Pics: Meghan McCabe
Exciting stuff sells. Us reading this now already fully comprehend this seemingly obvious wisdom, and yet there are the mass unwashed out there that believe maturity and sensibility are what the public wants.
What a bunch of doo-doo heads!
Even worse, there are those who believe that even if the public wants excitement, what they actually NEED is maturity and sensibility, and they should be forced to have it even against their will. Luckily, most of those sorts of people are either behind bars or driving cars, so we can ignore them.
Indeed, exciting stuff does sell, which is precisely the epiphany Yamaha had in the early 2010s and sought an addition to its line-up that wasn’t figuratively beige.
What they came up with was the MT range, a series of half-naked/half-motard street bikes that the head of Yamaha in Europe openly stated were designed to make their line-up more exciting. And it worked – the MT bikes have consistently found themselves at the top of Yamaha’s best-seller list, often towards the top of the best-seller list of all motorcycle brands.
The MT-09 remains a class favourite for excitement – that motard feel coupled with a funky triple motor is a factory for mischievous grins and has been so since its first introduction in 2014. The soundtrack resembled a racer from the 70s, it was easily flickable through town, and the grunts output could lift the front wheel with nothing more than a thought. It ticked all the boxes…
…well, almost all of them.
The one place it did fall short was handling. It tipped into turns quickly enough, and it was lightning fast while flipping through traffic, but as soon as it tried anything resembling hard leaning, things went wayward. It felt as though the frame was made of bubblegum and the front wheel went wherever it damn well pleased irrespective of the rider’s wishes. Even in the less cornering heavy arena of public roads, the bike had a disconnected feel.
Like the excitement deficit of 2013, Yamaha has spent 2020 trying to address this. Here is the fruits of their labour – a 2021 MT-09. More so, a 2021 SP sporty version.
It’s a fierce motorcycle, and you can tell it’s fierce because it looks fierce – the black bodywork has been kept to a minimum, the new LED headlights are small and piercing, and on either side of them are two flared nostrils ready to smite the unworthy with flame.
The stroke of the triple-cylinder motor has been lengthened, increasing the capacity from 847cc of bang to 889cc. The horses go up from 113 to 117, and the torque goes up from 87Nm to 94Nm.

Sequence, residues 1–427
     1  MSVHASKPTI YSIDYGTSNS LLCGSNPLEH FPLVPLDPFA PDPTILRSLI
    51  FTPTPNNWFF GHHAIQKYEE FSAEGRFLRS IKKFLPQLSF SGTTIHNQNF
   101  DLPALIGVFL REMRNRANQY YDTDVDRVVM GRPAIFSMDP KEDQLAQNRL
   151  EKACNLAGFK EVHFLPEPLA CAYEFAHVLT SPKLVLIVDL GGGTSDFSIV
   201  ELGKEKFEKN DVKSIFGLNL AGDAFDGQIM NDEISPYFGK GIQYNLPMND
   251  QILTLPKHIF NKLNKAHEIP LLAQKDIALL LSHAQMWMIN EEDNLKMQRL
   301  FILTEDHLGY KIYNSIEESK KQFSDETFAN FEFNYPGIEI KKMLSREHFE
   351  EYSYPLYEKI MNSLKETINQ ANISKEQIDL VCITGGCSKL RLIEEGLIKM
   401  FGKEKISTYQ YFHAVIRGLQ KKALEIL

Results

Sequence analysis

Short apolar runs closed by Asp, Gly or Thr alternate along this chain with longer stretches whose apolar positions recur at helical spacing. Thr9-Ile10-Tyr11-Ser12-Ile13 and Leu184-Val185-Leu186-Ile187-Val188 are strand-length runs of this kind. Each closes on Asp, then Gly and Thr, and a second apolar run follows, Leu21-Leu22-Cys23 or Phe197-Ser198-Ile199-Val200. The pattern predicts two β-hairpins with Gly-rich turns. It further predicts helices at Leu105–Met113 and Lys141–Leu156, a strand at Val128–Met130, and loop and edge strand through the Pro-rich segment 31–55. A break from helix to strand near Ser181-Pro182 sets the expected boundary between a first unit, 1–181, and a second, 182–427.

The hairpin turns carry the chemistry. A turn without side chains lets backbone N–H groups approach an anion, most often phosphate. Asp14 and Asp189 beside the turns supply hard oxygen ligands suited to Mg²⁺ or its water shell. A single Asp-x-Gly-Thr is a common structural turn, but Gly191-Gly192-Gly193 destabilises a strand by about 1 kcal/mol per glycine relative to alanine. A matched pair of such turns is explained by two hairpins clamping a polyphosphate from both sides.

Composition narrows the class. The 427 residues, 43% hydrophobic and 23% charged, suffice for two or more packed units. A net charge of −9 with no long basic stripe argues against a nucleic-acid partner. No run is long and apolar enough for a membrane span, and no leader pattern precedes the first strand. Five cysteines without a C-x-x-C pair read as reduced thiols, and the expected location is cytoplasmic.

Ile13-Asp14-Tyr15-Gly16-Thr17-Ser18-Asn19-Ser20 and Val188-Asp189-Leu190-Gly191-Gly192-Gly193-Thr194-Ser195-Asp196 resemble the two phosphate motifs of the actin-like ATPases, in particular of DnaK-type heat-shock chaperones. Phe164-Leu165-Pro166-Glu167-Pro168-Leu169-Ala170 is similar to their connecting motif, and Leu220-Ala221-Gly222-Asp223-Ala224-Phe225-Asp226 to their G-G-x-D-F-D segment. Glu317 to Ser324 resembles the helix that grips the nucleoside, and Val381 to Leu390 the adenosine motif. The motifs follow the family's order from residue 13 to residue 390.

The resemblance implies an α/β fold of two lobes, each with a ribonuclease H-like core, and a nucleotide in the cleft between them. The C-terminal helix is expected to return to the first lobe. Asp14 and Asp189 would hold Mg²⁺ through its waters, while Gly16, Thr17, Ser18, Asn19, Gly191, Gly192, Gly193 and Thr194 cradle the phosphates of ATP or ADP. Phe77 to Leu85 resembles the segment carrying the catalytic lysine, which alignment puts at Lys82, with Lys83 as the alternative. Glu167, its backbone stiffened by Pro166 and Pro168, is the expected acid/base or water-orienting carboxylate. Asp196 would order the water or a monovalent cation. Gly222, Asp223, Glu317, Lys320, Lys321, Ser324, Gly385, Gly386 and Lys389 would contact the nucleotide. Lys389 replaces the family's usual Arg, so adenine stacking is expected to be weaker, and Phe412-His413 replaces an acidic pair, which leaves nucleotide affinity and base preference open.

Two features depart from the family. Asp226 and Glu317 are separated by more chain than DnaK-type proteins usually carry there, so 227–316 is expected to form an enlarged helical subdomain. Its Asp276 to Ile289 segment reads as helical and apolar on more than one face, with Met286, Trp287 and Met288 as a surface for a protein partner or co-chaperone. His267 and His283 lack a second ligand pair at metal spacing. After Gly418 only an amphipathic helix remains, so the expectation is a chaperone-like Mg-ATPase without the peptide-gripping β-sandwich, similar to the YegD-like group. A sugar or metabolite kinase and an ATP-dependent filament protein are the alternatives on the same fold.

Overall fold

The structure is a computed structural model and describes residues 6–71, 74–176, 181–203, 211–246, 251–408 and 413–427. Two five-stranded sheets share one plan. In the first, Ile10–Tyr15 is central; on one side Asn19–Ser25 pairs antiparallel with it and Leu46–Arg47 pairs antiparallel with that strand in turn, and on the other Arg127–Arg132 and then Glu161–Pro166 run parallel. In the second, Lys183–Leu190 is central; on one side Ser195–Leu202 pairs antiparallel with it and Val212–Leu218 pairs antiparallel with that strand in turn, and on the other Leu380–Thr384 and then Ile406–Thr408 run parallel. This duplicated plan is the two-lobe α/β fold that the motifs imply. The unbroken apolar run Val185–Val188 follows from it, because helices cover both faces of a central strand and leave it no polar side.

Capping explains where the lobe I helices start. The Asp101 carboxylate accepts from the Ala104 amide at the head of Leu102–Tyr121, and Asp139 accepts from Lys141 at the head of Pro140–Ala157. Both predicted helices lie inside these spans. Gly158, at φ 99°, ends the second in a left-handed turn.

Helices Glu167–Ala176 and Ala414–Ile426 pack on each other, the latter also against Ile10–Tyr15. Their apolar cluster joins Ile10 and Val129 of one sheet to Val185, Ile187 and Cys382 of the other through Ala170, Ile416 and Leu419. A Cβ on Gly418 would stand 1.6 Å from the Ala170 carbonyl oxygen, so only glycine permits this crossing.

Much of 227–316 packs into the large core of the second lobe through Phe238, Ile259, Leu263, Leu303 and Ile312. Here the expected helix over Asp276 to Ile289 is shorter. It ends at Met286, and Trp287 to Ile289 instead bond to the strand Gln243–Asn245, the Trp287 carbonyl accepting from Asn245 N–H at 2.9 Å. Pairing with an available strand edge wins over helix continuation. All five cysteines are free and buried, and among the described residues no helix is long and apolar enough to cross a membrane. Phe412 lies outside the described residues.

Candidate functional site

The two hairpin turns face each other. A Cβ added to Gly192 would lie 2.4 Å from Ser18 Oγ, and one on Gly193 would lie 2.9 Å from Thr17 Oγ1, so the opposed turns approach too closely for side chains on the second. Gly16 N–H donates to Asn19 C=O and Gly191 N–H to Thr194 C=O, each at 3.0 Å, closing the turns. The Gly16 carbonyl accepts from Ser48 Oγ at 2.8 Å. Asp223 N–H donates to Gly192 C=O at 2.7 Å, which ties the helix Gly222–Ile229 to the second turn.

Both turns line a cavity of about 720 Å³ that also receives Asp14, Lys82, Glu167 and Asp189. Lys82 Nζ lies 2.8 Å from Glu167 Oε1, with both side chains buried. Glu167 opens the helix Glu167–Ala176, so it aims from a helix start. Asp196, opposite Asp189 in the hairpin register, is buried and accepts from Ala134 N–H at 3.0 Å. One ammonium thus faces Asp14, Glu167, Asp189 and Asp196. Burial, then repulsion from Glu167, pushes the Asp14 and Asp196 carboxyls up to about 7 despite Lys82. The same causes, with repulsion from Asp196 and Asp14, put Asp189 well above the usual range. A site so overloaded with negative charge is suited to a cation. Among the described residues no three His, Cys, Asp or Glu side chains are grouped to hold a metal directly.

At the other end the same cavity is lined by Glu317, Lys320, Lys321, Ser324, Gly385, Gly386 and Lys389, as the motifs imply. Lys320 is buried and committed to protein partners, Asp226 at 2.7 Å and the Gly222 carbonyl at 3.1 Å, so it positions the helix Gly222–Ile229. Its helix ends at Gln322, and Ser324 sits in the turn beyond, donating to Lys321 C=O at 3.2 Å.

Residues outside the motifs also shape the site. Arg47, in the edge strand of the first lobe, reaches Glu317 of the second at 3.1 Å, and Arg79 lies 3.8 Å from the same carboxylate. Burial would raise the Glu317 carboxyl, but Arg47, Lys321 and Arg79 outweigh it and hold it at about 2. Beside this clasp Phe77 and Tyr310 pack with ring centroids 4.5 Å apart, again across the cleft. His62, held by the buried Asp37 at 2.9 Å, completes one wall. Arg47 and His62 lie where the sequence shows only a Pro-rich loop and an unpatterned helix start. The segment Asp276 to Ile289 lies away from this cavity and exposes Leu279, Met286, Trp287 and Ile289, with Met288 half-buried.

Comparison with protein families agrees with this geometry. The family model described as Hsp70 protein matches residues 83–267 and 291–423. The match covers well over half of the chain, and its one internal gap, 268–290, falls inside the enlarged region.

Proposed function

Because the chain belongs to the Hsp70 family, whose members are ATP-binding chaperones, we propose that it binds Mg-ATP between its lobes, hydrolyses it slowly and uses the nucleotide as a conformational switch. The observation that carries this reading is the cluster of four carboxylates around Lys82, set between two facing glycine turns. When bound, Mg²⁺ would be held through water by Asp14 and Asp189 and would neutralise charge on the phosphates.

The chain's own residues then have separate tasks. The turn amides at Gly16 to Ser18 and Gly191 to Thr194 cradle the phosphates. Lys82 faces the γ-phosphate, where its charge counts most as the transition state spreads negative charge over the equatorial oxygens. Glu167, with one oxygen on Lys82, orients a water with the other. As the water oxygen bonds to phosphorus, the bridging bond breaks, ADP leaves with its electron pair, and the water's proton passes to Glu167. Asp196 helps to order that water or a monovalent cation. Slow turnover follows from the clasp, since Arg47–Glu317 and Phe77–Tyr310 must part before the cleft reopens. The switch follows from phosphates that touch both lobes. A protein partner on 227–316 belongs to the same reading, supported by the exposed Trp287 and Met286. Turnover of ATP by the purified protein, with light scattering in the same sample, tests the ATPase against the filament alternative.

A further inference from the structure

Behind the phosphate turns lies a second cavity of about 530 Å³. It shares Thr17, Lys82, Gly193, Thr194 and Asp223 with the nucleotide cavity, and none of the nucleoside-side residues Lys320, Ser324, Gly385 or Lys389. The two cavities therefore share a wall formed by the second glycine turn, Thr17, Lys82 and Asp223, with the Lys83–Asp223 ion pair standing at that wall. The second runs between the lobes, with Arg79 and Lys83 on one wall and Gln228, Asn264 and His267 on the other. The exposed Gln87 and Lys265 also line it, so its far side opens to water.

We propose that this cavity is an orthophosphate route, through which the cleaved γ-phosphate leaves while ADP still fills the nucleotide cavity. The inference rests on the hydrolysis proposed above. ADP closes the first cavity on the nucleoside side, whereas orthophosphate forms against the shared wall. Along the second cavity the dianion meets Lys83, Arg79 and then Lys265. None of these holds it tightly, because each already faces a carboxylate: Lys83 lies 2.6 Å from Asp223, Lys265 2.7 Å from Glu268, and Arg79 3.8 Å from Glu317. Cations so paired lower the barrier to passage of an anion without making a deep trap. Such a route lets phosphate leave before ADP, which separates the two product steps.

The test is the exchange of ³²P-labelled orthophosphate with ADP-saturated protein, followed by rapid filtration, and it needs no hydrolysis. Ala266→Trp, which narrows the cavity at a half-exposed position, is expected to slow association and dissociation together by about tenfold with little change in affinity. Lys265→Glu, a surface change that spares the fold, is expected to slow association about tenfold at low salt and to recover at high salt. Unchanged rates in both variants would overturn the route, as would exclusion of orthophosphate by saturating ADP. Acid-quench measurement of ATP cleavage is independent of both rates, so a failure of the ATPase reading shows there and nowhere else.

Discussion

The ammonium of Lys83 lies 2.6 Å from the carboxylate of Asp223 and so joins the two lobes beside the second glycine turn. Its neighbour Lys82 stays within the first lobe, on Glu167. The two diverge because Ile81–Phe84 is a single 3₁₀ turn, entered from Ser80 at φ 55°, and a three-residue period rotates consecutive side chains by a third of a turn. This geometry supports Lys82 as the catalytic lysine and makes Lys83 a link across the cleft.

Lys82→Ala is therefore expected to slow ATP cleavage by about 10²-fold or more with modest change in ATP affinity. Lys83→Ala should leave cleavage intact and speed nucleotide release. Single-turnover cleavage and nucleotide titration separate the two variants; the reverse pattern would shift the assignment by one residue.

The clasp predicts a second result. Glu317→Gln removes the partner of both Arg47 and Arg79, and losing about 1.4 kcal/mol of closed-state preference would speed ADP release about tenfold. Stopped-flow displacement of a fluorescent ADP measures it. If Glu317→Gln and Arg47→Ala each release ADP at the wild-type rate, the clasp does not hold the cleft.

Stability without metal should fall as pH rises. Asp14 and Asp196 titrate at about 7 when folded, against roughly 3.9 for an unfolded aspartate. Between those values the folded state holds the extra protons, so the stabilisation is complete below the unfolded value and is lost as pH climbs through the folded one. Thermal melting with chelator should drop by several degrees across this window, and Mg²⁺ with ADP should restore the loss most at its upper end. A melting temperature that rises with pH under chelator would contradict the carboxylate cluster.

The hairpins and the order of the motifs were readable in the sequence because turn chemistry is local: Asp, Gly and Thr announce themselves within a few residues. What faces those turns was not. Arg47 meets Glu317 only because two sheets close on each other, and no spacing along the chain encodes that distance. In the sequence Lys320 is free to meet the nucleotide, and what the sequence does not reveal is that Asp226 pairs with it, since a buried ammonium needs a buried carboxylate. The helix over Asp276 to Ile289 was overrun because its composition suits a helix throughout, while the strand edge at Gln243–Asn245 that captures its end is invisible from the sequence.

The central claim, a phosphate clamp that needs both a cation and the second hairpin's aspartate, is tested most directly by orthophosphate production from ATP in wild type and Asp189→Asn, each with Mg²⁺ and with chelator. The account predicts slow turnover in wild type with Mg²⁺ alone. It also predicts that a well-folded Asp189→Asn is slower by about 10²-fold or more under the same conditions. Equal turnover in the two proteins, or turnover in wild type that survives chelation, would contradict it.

Naturally, that doesn’t tell the whole story. Bike maker trends these days dictate that, apart from making seats excruciatingly hard, motorcycle maximum power output isn’t really the end goal – they work more on creating mid-range.
Donovan from ten years ago (who was better looking, better dressed and had better functioning tendons than Donovan now) would’ve been screaming his lungs out at the very idea of this. Power is the goal! Make them faster! Donovan now would’ve asked how often people spend riding with the bike at full throttle on the redline versus at part throttle in the midrange, and surely that’s where you want the most oomph. Donovan ten years ago would’ve shouted and screamed at the idea of being out-logic’ed and have stormed off to his room. Donovan now would’ve shrugged dismissively and carried on watching Downton Abbey.
The bike is faster and faster at every point on the rev range and throttle opening. And, yet, at the same time, less wild. Previous generations of the 09 were criticised for a throttle that worked like a light switch. With the new fly-by-wire system is smoother; bouncing the front wheel is now optional.
The new Brazilian bikini model throttle is also now connected to a six-axis IMU, bringing with it a new traction control, wheelie control, cornering ABS, and up and down quick shifter, all smuggled out of the R1 superbike department. These are controlled via a new dash that isn’t the flat-screen tv seen on some of the latest bikes, but it’s easy enough to read and navigate without a map.
And there we have it – good looks, great motor, magnificent technology, the MT-09 is shaping up to be a grand evolution of its predecessors. Except for one thing – it bloody well handles.
The new aluminium frame is stiffer than the previous one plus, and this is a big one; it’s 30mm lower in the front – 30mm! In everyday language, 30mm is an unnoticeable glitch. To an engineer, whose vernier measures up to three decimal places, 30mm is the distance to Jupiter.
To riders wanting to navigate a corner without their mortality being brought into question, it’s Jupiter bliss. The front feels as though said engineers remembered to attach the front to the motorcycle with something more than Prestik. Actually, it’s stuck pretty damn well. The seating portion is still relatively high and straight up, like the street motard reputation it has developed. Like the previous model, it still tips on a dime, except it tips further, and it stays there.
With the SP, it goes yet further. The front forks are from KYB, and the rear shock is from Ohlins. This lets the rider push that extra step, braking harder and later into the turns, holding the line even better when the throttle is rolled on.
This puts the 09 in a new predicament. Previously, with its wayward handling ways, the 09 was more of a super-commuter, dominating the byways on the way to fulfilling our human destiny of labour for coin. Now, it has to face the might of the thoroughbred naked sportbikes, like the KTM Duke 890 R and the Triumph Street Triple RS, both in the realm of country roads and even the crucible of the track.
KTM and Triumph should perhaps be concerned.
Yamaha MT-09 SP – R229,000
Yamaha MT-09 base model – R184,000